So, today I made an old man cry. I don’t think I started out my day with that intention. Actually, I’m quite certain that the thought has never, ever crossed my mind. My day started out a bit earlier than usual. I had a parent-teacher conference for my daughter, so I decided to go to the gym early in the morning. Too early. After that, I went to the meeting, which went surprisingly well. It’s good to know that there are teachers out there who are genuinely concerned for their students. I guess special education teachers are even more aware of their student’s needs. Anyway, I am grateful that my daughter has an excellent teacher. I’m also glad that I had my own conference with her to avoid the potential…or inevitable drama that occurs when my ex is present.
Today was off to a good start. Gym- check. School meeting- check. Off to work. It was a pretty typical Thursday for retail/commercial sales. We were fairly busy, so the day was going by pretty quickly- plus, I had a late lunch break, so closing time was coming fast. It was right around 4:00 when the old man walked through the door. I was standing behind the counter, so I saw him come in. I’d guess he was in his 80’s. He was wearing an old man’s suit. Not that it was a bad suit. It was a suit that had seen many years of use. I’d bet he had a few suits like it and he still wore one every day.
You probably know somebody like him. A man from another time, trying to make sense of the craziness of modern times. Adjusting and readjusting to the world. Working at a store that has been around for 128 years, we get our share of older customers, so it wasn’t all that unusual. I watched him walk to the counter where a coworker was also standing. He presented a small, wooden, oval box in his old, bruised, shaking hands. He gently placed it on the counter. Don said, “so, what do we have here?” The old man took off the top of the box. Then, he carefully removed a tiny, metal replica of an old sewing machine and presented it to Don. I walked around the big counter and moved in closer, next to the old man. He then reached into the box again and took out another piece. It was a small clock, about the size of a ladies watch. He explained that he had been attempting to repair the tiny keepsake, but the parts were so small, he couldn’t do it. He said the tiny screws may be stripped and he could not reattach the clock. I asked to see it and after examining it, I suggested that maybe it wasn’t the screws that were stripped, but the holes in the time piece. This brought a new sadness to his face, as he asked if we had any suggestions of who might be able to repair it for him. He said he would be happy to pay anybody to fix it. He needed to get it repaired. Don told him he didn’t know of anybody. The old man frowned. I took a closer look. I told him we might be able to use a longer screw and try to catch some of the deeper threads that were still intact. I took the clock to the section of the store where the very tiny metric screws are kept and then returned to the counter with two long 2mm screws and a 2mm nut.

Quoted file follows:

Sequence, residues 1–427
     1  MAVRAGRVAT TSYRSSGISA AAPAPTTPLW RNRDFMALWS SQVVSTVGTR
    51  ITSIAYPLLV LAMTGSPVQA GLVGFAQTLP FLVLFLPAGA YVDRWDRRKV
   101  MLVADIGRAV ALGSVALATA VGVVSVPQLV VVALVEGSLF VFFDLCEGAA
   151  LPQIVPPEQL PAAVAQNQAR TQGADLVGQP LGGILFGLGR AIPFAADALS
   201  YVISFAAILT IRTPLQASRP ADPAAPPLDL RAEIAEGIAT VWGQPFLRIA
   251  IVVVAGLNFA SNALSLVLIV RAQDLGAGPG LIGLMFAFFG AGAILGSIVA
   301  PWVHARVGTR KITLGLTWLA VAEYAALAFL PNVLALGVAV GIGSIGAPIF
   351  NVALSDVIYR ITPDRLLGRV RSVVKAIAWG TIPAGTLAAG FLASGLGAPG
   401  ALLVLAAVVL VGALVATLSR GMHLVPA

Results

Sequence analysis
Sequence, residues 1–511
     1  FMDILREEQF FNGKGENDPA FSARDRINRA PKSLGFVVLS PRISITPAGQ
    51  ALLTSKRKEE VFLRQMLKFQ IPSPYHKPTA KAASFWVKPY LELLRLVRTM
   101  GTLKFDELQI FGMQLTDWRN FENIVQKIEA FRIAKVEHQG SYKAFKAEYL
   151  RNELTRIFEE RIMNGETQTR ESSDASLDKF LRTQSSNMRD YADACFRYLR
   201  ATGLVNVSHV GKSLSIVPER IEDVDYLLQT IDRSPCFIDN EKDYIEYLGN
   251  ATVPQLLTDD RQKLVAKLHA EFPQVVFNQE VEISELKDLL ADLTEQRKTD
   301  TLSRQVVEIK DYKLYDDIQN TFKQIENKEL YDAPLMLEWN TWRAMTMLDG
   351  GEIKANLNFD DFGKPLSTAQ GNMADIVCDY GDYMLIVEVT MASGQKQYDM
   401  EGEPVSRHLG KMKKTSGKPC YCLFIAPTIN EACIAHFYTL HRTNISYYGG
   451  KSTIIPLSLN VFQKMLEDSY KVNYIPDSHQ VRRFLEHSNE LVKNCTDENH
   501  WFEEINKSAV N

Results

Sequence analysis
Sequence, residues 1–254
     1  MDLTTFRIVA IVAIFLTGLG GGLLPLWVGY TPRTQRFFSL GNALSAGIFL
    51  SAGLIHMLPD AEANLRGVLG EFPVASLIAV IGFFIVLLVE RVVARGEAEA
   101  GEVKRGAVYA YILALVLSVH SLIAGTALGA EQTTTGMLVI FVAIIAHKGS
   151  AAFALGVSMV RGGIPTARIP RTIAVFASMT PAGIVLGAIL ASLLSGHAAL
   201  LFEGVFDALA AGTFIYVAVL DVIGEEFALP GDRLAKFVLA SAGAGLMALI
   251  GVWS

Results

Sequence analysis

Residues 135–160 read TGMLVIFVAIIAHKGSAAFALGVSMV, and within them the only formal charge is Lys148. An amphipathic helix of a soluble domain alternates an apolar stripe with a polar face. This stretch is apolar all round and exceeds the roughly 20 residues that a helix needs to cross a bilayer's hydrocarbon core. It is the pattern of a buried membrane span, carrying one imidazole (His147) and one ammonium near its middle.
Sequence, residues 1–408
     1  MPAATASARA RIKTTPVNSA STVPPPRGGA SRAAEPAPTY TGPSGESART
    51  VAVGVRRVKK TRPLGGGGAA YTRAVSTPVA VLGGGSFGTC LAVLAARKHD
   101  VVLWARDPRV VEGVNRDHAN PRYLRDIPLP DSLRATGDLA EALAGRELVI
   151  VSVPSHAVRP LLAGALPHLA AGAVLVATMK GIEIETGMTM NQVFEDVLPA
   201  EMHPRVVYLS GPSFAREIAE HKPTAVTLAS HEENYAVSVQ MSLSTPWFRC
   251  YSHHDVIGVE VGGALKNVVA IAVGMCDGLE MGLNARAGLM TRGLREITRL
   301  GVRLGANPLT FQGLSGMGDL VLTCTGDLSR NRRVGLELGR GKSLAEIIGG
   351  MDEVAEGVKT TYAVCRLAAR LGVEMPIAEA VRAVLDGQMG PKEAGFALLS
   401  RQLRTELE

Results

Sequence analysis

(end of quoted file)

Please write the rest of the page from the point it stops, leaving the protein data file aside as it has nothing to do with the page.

When I got back to the counter, the old man was telling Don the story of the sewing machine clock. He had bought it for his wife over twenty years ago and she had loved it. The sewing machine was one of her favorite things, but she had recently been moved to a nursing home and it was misplaced in the shuffle. He paused and looked up at me and asked if I could fix it. I gave him a not so reassuring “maybe.” He continued on with his story, and I got to work on the piece, shortening the long, tiny screws with some cutting pliers and re-threading them with the nut. It took a while, but the old man’s story was playing in the background. He said his wife was on a waiting list for a local nursing home, but was lucky to get into a temporary spot in a disgustingly expensive home in Connecticut, which was about an hour away for him. A long way to travel daily for anybody, let alone a man of his age. He told us how she remembers some things, but not others and recognizes most people, but if you walk away and come back, you have to start all over again. He told us how much she loved the little sewing machine gift and how important it was to bring it to her. All the while, I was trying to hold the tiny little screws in my fat fingers, cutting and threading and re-cutting to get them to the proper length and attempting to fit them into their place, while the small crowd at the counter watched.
Finally, I got the little screws snugged up in place and the clock was securely mounted where it belonged. I took a towel and wiped the whole thing down, polishing the glass, as if it were a Rolex. Then I showed it to the old man, placed it in the box and said, “You’re all set, sir.”
He said “It’s fixed???” and reached into his pocket with his shaking hands and pulled out his wallet asking how much he owed us. I said, “No charge, sir. Merry Christmas.” Don told him his money is no good here and wished him luck with everything.
I was a bit choked up and I could tell everyone was a little emotional, but as the man left, Don said, “You know you just made that old man cry? There were tears in his eyes when he left.”
So, yes. I made an old man cry today. It’s funny how life goes. Everybody has a story. Everybody has their own problems and challenges. Normally, most of us walk through each day focused solely on our own issues-not even considering what is going on in the lives of the dozens of people we come into contact with. No matter how bad things are for you- and trust me, sometimes, they’re gonna be pretty bad- there is always going to be somebody going through something worse. When you see it that way, the big problems seem to get just a little smaller. Maybe we’re all joined by a common bond of wanting things to be just a little bit better…for everybody.
Now, do me a favor and go make somebody cry.
Merry Christmas to all.